Prior to filming, directors Vasarhelyi and Chin struggled with the ethical ramifications and decisions behind creating Free Solo knowing Honnold may die on camera. [10] They ultimately decided to go through with the film and devoted some time to documenting its own production process, with director Jimmy Chin and his camera crew (all experienced climbers themselves) discussing the challenge of not endangering climber Alex Honnold by distracting him or pressuring him to attempt the climb at all. According to director Elizabeth Chai Vasarhelyi, filming while not endangering Honnold was achieved with careful planning and practice. [11] As the cameramen were all climbers, they were able to effectively capture Honnold’s climb from different vantage points. [12] The production team captured 700 hours of footage using 12 cameras. [13] This included cameramen on the ground, cameramen on the cliff face, remote trigger cameras, and a helicopter with a 1,000mm lens to capture the 4k video. [12] [13] Wireless mics, however, could not be used to record sound from Honnold due to his distance from the cameras. [11] As a result, the filmmakers created a special recording device and had Honnold carry it inside his chalk bag. [11]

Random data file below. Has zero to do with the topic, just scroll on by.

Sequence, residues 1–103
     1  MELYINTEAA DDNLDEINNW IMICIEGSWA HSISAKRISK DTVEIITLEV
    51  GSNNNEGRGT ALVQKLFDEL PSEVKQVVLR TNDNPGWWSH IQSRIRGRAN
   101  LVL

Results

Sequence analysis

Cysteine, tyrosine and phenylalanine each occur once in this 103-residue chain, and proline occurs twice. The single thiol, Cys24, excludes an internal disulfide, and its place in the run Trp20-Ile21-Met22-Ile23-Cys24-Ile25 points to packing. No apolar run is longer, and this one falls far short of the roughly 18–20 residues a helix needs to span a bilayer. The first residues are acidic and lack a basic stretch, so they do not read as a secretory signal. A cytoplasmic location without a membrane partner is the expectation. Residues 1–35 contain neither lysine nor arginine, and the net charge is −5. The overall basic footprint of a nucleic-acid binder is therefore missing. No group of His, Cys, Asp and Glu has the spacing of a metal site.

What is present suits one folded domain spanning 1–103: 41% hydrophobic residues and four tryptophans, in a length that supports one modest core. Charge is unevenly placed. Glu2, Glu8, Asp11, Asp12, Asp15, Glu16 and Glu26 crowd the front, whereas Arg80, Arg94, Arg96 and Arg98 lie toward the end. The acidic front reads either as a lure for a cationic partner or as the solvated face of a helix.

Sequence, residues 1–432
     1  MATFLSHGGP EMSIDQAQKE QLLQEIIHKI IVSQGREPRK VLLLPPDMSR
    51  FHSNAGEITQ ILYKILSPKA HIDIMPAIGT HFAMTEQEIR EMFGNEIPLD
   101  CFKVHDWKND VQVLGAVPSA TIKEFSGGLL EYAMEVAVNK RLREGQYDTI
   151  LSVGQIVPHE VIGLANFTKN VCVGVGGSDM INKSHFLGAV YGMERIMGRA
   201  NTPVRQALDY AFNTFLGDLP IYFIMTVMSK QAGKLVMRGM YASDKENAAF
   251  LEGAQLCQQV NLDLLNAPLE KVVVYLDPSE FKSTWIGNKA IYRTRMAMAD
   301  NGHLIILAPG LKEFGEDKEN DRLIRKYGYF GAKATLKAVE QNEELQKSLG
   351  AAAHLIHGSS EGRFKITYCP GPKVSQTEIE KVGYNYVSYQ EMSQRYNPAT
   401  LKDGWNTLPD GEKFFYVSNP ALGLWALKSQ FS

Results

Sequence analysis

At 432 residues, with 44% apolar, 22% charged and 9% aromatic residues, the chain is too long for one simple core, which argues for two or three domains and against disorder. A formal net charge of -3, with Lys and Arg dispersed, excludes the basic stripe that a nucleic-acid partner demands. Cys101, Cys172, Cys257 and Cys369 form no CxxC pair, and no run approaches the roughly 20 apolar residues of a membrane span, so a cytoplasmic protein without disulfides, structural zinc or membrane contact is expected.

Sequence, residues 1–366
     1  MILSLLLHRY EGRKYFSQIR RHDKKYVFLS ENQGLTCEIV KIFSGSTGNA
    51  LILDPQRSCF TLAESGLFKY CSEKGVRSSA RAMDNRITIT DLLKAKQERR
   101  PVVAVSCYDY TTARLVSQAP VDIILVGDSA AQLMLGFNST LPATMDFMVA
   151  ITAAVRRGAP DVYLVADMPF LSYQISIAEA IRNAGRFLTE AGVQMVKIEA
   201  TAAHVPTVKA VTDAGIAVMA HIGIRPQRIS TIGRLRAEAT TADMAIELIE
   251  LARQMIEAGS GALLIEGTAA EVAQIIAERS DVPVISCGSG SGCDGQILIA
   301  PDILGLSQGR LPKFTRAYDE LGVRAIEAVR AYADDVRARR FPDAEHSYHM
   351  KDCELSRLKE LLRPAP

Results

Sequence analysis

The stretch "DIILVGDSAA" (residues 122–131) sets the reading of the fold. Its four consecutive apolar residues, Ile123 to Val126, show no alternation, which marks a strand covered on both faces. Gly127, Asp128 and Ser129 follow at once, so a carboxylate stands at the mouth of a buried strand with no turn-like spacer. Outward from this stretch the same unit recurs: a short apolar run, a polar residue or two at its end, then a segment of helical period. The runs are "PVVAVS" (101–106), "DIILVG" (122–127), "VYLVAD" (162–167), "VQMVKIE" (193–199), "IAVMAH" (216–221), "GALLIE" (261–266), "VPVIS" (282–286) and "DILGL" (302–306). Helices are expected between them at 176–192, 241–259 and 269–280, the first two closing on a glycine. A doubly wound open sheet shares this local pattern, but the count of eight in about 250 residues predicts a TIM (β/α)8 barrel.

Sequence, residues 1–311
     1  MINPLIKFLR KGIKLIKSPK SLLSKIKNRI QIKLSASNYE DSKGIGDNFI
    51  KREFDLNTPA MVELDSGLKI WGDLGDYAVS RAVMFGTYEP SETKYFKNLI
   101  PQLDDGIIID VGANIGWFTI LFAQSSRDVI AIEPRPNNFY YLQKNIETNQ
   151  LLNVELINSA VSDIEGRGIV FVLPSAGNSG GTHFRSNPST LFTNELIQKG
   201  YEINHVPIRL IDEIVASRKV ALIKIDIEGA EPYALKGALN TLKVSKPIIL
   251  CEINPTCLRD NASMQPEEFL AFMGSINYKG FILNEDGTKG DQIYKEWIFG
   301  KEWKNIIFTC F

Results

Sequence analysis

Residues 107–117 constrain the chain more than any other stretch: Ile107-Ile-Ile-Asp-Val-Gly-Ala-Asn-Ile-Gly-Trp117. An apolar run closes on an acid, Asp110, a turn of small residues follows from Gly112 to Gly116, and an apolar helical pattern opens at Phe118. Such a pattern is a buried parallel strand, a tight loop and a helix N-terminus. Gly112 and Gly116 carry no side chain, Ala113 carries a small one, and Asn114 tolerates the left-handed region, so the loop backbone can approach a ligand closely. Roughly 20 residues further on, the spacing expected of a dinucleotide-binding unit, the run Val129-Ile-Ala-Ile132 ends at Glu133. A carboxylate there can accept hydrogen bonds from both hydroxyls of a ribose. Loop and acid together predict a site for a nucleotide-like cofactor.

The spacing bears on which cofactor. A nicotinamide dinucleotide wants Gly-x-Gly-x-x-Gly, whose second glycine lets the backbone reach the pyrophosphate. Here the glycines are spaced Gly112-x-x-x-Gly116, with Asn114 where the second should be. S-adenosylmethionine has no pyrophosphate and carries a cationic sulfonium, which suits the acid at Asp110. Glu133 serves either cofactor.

The film was made by National Geographic Partners, [14] which at the time of the film's release was majority-owned by 21st Century Fox, with the remainder owned by the National Geographic Society. [15]


Free Solo premiered in the United States on August 31, 2018 at the Telluride Film Festival and in Canada on September 9, 2018, at the Toronto International Film Festival. [7] It has been shown at multiple film festivals internationally since then. [7] Free Solo was later released in theatres in the USA on September 28, 2018. [7]


Box office

Free Solo grossed $17.5 million in the United States and Canada, and $11.1 million in other territories, for a total worldwide gross of $28.6 million. [16]

The film made $300,804 from four theaters in its opening weekend, surpassing Eighth Grade and An Inconvenient Sequel , respectively, for the highest per-venue average of 2018 and of a documentary all-time with $75,201. [17] It expanded to 41 theaters in its second weekend, making $562,786. [18] The film grossed $859,051 from 129 theaters in its third weekend and $1 million from 251 theaters in its fourth weekend. [19] [20] During its fifth weekend, it earned $1.06 million from 394 theaters, bringing the total box office gross to over $5 million. [21]